I didn’t just wake up one day and find myself straddling these two worlds; not at all, I had to go through the deepest, darkest despair to arrive at this place of light and balance. But it was always my choice to take the journey that led to this place, in a gradual yet intentional process of shedding the old self.
So that brings me back to my declaration of independence from Jeanne as teacher and guide that I so boldly declared last week and have, since then, experienced in so many ways. I find that she taught me well. In finally taking her up on her insistence that I could do it on my own, as she so often urged me, I find that I have freed myself from yet one more self-imposed imprisonment. I freed myself from a role that in reality only I was attached to. And all it took was months of inner struggle!
We do tend to imprison ourselves: in labels and declarations, in our student-of-life roles, in our promises that we made a long time ago. It was only in shedding promise after promise that I was able to evolve into someone who is “so fabulously happy all the time.” Although those promises were made when they were extremely necessary, they now no longer serve who I truly am. I don’t mean to imply that I don’t get sad or depressed, but I’ve learned to face the truth with a different outlook now. I take in the broader truth, the long-term perspective that I am a being who is going to die, but also that my life is a never-ending journey. I now, constantly and consciously, focus on urging myself to take the next step, subtle or otherwise.
Who, indeed, can I become today? It may take only a tiny shift in perspective, in action, in thought or inner perception, but it may be a life-changing decision on my part, in the end capable of catapulting me further than I ever thought possible.
As we head into deeper autumn now, as we notice what is happening in the world around us, such as the case of Ms. Knox, can we ask ourselves the same questions that were asked about her? Do I deserve imprisonment for the rest of my life or do I deserve to be set free? What role do I want to play: that of the prisoner or that of the free spirit? The main question, however, is: Where do I imprison myself?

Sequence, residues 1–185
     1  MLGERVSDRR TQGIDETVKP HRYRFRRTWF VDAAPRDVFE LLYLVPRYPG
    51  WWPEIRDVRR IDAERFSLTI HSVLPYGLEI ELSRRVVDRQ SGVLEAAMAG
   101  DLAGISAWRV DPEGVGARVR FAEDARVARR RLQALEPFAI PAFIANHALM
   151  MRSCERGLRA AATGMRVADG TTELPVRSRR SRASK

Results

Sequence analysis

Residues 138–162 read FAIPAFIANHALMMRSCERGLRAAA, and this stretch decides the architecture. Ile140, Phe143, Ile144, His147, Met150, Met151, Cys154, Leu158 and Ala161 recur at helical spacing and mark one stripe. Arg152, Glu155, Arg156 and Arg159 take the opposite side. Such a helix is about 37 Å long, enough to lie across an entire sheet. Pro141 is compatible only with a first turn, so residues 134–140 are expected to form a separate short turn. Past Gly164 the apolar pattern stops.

Most of us do keep ourselves shackled to old ideas of the self when, in fact, we’re actually being urged to change, to keep taking the journey of the evolving self.
Who will I become today? If I pay attention to the synchronicities and signs in my life, those that resonate both inside and outside, I may be able to let go of despair, shed an old skin and release the sweetness within, bursting with ripeness.
I face my own shedding process each day as I question myself and ask myself to shed my self-importance or my fear of my evolving spirit, as I once shed old feelings, during my recapitulation, of unworthiness that I did not deserve to walk upon this planet. I take another step each day upon this earth as I wander my path, asking to be guided, knowing that I do indeed deserve to live just this life upon just this planet.
Yes, I fully accept that I am a changing being and that I am a being who is going to die, but before that event I intend to fully live, “so fabulously happy,” as is my choice.